For this, you can make the post visible to all people and protect a part of the content with a password. This would work great for content that is exclusively available for people who are part of a group, for instance (only for members).

Such posts make visitors curious about what you are presenting, without allowing them to make use of the important part of the post until they become a member or take a desired action.

Only those who have the password will be able to see that exclusive part. This is a very useful feature and it can be done using plugins as well.

Here are two examples of plugins that will help you with this task:

1. Password Protect Selected Content

With Password Protect Selected Content, you can password protect different types of content, including media files or links. It is a simple plugin that has just a few settings. It’s great for quickly protecting partial content.

2. WP Share To Unlock

This is a free plugin that is a bit different from the first, but it is great for marketing purposes or for growing your audience. The content from the post will be unlocked only if the user performs a social sharing action.

You can add Facebook, Twitter, Instagram, and so on. Instead of entering a password, they need to perform that action.

Password Protecting Downsides

Even though it can be useful at times, password protecting a WordPress site has its downsides:

  1. All users will need to insert the same password

This means that users can easily communicate with each other and share the password. There is not much secrecy going on. It would be helpful to set up a unique password for each user that has access to your site. You can do that by using plugins that turn your website into a membership-type site.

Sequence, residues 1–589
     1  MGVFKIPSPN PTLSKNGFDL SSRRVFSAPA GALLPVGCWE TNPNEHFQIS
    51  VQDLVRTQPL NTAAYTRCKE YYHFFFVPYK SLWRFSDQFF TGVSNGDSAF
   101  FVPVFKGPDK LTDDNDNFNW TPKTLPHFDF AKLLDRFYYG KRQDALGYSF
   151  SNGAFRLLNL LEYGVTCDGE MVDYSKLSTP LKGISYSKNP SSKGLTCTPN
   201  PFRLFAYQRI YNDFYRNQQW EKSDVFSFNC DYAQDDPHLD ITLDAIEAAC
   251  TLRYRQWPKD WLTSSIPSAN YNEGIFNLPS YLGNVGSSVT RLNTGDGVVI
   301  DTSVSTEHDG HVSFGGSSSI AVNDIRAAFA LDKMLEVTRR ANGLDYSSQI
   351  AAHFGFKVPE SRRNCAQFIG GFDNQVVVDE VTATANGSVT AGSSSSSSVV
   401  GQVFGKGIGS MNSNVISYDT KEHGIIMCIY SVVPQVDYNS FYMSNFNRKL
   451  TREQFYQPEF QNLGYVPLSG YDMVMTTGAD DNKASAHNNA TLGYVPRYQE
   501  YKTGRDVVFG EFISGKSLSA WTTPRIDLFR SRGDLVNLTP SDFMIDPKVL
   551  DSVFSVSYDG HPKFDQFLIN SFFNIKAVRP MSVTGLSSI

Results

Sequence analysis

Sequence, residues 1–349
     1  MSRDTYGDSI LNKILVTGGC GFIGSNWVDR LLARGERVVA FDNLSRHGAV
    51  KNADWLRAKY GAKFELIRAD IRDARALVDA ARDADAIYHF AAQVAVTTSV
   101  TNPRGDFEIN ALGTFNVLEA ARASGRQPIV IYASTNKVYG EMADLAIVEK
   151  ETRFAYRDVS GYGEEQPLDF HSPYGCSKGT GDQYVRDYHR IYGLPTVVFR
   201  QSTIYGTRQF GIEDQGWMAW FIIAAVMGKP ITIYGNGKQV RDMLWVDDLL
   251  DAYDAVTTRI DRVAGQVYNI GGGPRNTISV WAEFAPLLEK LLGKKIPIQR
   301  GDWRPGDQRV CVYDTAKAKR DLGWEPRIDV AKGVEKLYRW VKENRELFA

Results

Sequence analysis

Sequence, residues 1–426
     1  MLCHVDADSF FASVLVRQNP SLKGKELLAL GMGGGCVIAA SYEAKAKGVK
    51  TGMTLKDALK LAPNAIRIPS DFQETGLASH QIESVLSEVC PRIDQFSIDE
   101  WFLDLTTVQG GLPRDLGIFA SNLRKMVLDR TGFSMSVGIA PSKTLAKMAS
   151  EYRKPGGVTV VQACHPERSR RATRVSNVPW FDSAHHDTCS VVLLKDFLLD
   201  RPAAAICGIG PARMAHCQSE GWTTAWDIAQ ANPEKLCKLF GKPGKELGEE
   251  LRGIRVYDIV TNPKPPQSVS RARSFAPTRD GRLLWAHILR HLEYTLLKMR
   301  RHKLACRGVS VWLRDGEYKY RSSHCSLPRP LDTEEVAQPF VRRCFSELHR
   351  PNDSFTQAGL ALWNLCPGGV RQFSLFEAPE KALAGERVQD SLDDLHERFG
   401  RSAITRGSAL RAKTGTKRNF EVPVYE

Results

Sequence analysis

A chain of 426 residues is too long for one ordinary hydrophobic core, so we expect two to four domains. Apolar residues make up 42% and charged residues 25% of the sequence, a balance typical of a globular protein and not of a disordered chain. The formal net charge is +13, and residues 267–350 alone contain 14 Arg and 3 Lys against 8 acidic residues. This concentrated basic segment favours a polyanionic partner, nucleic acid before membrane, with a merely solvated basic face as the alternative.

1. Passwords are not always secure

To combat this, you might need a two-factor authentication system. Passwords can be cracked or found out quite easily, making the website vulnerable. Enabling a two-factor authentication system will add an extra layer of security to your site and make it a lot safer for visitors.


WordPress security is a matter of great importance today. Even though the CMS itself is pretty secure by default, it’s best to add extra layers of security to it, especially if your website hosts a lot of important data. When it’s as easy as outlined in this article, there’s no reason not to.

If you enjoyed reading this article on how to password protect WordPress site, you should check out this one about how to change font color in WordPress.

We also wrote about a few related subjects like how to disable comments in WordPress, website maintenance cost, WordPress stuck in maintenance mode, WordPress multisite, WordPress header, WordPress dashboard login and WordPress tagline.